It’s important to understand that these requirements don’t mean that the fiduciary has to always be right or give the absolute best possible advice. It just means that they can’t try to enrich themselves with the client’s money. They have to communicate with their client, and they have to act with a general professional competence. A 3(38) fiduciary can get a stock pick wrong, for example. That happens to everyone. It would be a breach of their duty, however, to choose a mutual fund based on which ones give the fiduciary a commission.

Fiduciary duties are heavily enforced. If an employer or an employee thinks that their 401(k) plan’s 3(38) fiduciary has broken the rules they can file a lawsuit or an ethics complaint. Penalties can range from financial damages to stripping the 3(38) fiduciary of their professional license.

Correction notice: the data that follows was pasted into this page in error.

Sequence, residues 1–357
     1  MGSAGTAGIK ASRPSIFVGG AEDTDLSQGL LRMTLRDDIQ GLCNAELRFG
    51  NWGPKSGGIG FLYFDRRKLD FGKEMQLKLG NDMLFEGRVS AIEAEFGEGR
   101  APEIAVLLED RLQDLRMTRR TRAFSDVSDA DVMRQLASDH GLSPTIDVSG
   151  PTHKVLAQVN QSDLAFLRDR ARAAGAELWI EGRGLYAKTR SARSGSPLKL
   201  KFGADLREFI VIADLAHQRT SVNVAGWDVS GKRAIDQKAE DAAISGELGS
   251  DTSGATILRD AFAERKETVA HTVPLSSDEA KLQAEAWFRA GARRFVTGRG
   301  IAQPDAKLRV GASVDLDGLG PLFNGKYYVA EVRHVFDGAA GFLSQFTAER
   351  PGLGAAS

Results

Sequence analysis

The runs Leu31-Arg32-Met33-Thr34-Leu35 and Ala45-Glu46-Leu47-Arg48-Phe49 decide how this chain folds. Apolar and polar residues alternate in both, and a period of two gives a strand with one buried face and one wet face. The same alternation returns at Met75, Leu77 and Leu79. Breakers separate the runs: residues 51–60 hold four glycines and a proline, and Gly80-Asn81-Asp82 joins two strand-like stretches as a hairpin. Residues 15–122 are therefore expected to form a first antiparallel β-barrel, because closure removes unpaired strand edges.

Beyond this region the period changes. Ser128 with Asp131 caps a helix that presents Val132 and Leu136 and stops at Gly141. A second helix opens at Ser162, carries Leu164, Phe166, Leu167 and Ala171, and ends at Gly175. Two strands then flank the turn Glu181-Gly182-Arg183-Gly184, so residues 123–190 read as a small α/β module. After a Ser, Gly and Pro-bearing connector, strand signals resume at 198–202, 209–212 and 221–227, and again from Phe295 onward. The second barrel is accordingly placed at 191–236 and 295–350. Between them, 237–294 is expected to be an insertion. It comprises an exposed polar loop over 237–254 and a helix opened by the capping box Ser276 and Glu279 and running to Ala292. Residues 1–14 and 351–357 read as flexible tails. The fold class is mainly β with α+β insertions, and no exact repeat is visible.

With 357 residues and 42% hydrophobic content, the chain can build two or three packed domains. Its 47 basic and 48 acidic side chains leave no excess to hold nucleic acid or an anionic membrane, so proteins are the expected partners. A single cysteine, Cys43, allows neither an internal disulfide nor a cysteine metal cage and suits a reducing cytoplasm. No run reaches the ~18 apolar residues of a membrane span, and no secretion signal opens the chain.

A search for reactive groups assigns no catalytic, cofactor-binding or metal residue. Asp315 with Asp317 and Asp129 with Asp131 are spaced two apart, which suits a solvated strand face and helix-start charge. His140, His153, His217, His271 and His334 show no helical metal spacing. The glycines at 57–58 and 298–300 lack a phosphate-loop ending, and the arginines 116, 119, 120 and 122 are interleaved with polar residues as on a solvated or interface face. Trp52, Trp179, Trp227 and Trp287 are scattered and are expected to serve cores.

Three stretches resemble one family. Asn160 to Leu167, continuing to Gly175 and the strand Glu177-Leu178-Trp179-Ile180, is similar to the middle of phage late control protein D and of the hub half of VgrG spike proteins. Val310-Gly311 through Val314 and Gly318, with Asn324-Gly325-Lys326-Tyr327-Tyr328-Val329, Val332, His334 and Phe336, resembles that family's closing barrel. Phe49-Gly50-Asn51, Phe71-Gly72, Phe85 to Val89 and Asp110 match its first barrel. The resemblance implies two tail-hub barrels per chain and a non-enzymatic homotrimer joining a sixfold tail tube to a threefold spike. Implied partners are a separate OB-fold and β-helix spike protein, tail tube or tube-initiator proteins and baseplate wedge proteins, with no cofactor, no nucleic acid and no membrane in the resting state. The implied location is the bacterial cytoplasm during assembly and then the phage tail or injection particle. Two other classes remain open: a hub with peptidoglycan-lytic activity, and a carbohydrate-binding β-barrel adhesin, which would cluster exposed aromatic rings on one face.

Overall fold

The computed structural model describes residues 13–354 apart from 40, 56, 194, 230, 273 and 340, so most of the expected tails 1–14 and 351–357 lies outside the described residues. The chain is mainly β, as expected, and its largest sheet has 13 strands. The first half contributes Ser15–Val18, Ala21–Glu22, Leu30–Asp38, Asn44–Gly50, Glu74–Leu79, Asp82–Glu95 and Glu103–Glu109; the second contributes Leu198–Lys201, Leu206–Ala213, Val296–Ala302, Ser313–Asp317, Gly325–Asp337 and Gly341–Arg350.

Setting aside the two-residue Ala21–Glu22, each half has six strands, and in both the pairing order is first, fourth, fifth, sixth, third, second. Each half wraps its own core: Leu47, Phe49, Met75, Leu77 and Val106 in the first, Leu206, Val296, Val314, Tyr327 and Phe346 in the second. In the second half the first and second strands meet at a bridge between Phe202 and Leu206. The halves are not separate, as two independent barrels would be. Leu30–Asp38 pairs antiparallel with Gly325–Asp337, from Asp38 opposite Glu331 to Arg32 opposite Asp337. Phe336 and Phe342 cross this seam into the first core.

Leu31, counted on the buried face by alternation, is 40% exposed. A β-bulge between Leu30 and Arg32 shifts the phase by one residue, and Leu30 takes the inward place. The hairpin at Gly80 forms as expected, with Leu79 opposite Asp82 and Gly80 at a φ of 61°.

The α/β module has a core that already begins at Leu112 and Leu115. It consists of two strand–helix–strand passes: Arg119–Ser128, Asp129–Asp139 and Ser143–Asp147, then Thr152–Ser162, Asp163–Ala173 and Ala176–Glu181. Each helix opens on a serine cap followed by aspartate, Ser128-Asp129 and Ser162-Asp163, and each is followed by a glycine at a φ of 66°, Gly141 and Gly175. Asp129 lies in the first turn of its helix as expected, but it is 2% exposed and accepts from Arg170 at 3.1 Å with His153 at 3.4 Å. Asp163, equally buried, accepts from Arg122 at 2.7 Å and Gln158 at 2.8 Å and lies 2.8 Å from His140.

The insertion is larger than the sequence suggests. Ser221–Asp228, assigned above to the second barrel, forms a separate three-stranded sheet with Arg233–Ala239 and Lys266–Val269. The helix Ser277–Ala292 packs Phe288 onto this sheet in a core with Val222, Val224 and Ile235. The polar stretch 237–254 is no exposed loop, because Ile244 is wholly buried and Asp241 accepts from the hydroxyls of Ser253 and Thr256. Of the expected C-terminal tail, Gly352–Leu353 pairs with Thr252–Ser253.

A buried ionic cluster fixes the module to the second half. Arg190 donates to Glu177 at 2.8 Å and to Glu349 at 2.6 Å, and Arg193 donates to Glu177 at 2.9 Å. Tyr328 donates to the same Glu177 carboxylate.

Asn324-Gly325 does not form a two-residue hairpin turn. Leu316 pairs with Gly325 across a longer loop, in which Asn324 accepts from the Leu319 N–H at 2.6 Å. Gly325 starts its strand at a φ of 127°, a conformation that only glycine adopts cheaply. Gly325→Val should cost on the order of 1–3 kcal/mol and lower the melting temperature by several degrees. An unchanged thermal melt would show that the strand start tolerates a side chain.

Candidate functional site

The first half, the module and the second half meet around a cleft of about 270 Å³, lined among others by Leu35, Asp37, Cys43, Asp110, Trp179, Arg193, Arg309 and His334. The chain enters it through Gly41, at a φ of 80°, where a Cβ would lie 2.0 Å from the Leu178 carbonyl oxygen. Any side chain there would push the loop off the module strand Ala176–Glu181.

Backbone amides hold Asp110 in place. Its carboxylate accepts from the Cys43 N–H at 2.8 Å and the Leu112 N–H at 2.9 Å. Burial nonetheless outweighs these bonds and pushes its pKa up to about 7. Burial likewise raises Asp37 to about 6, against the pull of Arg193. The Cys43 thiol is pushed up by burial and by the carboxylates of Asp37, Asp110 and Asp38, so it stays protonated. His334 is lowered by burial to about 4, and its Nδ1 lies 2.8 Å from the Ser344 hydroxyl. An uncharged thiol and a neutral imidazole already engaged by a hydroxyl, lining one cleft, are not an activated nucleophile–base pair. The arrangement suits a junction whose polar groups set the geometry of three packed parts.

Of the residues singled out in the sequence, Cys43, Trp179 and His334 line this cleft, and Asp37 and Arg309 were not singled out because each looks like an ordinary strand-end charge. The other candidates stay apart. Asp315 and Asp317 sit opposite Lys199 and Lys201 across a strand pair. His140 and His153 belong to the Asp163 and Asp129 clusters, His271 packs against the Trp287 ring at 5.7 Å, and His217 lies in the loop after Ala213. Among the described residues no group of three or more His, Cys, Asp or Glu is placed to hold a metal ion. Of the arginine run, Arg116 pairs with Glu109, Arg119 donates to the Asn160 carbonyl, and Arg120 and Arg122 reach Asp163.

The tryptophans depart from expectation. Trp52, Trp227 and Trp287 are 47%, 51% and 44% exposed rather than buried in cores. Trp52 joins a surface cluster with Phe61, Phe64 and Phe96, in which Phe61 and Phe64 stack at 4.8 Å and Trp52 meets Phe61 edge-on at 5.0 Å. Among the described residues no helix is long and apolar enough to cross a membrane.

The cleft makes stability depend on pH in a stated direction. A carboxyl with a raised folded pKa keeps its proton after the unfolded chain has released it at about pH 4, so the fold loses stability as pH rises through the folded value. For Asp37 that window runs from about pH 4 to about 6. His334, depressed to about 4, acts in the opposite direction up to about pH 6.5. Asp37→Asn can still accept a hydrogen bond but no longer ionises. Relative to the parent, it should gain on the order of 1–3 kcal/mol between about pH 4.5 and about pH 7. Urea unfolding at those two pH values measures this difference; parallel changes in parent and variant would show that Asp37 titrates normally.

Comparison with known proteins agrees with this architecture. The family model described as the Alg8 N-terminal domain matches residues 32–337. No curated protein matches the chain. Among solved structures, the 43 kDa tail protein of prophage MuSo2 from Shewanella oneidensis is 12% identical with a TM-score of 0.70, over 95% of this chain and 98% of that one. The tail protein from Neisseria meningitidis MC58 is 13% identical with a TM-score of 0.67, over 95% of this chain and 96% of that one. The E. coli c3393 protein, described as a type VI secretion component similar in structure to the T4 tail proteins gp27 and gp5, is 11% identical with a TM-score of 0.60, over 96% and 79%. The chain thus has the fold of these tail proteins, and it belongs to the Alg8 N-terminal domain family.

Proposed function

The Bottom Line

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A 3(38) fiduciary manages the portfolio for a 401(k) plan. This person has the authority to buy and sell assets, make strategic decisions and otherwise handle all aspects of the account’s investing. The duties of this kind of fiduciary are outlined in the Employee Retirement Income Security Act, also known as ERISA.

Retirement Tips

  • The idea of a fiduciary is key to most professions from law to finance. Although it can seem dry and technical, fiduciary duties are actually here for your protection, and they’re essential.
  • A good investment advisor can help you create a portfolio that will build real wealth over the long run. Finding a qualified financial advisor doesn’t have to be hard. SmartAsset’s free tool matches you with up to three financial advisors who serve your area, and you can interview your advisor matches at no cost to decide which one is right for you. If you’re ready to find an advisor who can help you achieve your financial goals, get started now.